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Court won't hear suit on Camp Lejeune water

/ Source: The Associated Press

The Supreme Court refused Monday to hear a Marine's lawsuit blaming the government's dumping of toxic chemicals at Camp Lejeune in North Carolina for his son's illnesses.

The high court declined to hear an appeal by Donal McLean Snyder Jr. of a lower court's dismissal of his lawsuit.

A Marine Corps spokesman had no immediate comment on the legal ramifications of the ruling, but said the corps is concerned about the water situation.

Health officials think that as many as 1 million people may have been exposed to water toxins over a span of about three decades before the wells were closed 22 years ago.

Snyder lived at Camp Lejeune as a young 1st lieutenant the 1970s, and said the dumping of trichloroethylene, an ingredient in cleaning solvents, into the ground polluted the water.

Snyder said his son was born in 1971 with a congenital heart defect because his pregnant wife drank the water at Camp Lejeune. Donal McLean Snyder III is facing a second open heart surgery, court papers say.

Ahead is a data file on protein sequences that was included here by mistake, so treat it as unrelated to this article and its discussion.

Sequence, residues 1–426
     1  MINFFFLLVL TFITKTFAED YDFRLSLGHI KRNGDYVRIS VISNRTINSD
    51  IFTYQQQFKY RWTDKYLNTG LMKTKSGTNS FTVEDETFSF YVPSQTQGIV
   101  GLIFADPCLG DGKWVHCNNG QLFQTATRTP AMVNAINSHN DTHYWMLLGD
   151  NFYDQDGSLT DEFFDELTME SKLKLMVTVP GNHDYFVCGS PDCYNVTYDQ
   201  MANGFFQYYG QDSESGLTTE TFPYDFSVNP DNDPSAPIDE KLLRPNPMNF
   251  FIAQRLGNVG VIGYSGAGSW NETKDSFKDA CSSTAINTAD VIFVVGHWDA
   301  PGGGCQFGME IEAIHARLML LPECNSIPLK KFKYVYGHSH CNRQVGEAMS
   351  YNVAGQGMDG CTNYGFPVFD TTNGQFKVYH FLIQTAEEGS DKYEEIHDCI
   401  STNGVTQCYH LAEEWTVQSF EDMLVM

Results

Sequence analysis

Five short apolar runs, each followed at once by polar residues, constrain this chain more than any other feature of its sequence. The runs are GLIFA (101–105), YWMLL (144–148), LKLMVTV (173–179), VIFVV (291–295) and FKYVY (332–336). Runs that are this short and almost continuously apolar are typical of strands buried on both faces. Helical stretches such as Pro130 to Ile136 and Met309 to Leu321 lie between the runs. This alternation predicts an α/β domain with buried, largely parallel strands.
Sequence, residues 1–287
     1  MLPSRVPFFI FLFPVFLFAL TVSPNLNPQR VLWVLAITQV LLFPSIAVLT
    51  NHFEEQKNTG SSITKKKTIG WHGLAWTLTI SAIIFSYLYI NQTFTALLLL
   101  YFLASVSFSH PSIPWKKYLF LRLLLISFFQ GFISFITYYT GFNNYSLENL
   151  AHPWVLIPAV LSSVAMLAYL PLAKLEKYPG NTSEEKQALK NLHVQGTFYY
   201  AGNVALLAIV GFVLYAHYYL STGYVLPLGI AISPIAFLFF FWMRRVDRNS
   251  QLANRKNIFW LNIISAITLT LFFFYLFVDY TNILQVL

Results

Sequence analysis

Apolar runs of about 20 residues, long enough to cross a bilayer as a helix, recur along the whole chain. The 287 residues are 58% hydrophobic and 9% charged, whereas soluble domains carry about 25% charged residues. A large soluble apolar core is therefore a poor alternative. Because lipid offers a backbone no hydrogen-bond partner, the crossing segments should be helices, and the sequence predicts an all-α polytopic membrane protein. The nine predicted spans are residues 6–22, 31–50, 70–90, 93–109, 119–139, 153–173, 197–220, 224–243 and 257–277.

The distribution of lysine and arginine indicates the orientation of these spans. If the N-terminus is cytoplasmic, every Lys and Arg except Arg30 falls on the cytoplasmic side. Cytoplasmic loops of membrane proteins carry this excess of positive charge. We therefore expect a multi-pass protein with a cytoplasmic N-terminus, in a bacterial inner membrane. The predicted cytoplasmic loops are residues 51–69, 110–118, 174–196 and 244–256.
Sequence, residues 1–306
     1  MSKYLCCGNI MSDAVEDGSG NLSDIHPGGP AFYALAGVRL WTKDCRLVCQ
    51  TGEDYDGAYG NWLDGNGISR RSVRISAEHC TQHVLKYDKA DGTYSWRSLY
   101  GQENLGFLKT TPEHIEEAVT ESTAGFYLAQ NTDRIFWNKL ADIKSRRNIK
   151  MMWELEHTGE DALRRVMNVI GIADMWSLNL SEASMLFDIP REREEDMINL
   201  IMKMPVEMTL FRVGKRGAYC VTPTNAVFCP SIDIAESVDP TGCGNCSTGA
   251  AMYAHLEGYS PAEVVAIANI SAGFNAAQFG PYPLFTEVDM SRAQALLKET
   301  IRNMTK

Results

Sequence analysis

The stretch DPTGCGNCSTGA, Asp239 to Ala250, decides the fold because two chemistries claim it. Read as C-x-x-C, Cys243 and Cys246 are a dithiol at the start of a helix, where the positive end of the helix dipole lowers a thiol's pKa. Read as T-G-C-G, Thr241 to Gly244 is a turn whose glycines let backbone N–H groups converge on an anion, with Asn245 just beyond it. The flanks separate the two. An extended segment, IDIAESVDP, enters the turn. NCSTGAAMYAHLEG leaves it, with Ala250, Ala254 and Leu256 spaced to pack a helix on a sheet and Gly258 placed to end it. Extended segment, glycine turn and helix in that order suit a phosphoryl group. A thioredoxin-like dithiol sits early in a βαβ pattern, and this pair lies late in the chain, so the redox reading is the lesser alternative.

The lower courts said trichloroethylene was not regulated as a dangerous substance until the late 1970s. Because of that, the government cannot be faulted for the dumping at Camp Lejeune while Snyder's wife was pregnant with their son.

Federal health officials plan to withdraw a 1997 assessment of health effects from the contamination at Camp Lejeune because of omissions and scientific inaccuracy. The past statement had said the chemicals posed little or no cancer risk to people at Camp Lejeune.

"The Marine Corps continues to reach out to anyone who lived on Camp Lejeune from 1957-1987 and encourages them to sign up for the Camp Lejeune Water Registry so that they can receive updates to the ongoing studies that the Marine Corps is funding and cooperating in," said 1st Lt. Brian Block at Marine headquarters.

"We look forward to the conclusion of the Agency for Toxic Substances and Disease Registry and National Research Council studies so that we can take the next appropriate step for our Marines and their family members."

The case is Snyder v. United States, 08-894.